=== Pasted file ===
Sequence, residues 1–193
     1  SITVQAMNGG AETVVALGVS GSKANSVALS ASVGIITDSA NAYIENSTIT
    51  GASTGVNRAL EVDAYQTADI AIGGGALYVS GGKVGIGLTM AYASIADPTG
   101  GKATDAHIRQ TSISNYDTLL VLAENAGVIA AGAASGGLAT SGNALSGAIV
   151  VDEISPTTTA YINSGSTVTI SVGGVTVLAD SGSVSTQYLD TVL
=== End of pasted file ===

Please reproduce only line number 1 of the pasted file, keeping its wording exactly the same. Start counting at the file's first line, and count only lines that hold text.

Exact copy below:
Sequence, residues 1–193